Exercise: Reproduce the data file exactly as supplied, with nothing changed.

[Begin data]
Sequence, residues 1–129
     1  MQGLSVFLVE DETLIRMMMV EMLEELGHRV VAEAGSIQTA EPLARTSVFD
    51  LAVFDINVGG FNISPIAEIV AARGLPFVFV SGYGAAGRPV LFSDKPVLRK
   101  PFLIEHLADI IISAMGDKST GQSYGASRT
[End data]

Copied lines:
Sequence, residues 1–129
     1  MQGLSVFLVE DETLIRMMMV EMLEELGHRV VAEAGSIQTA EPLARTSVFD
    51  LAVFDINVGG FNISPIAEIV AARGLPFVFV SGYGAAGRPV LFSDKPVLRK
   101  PFLIEHLADI IISAMGDKST GQSYGASRT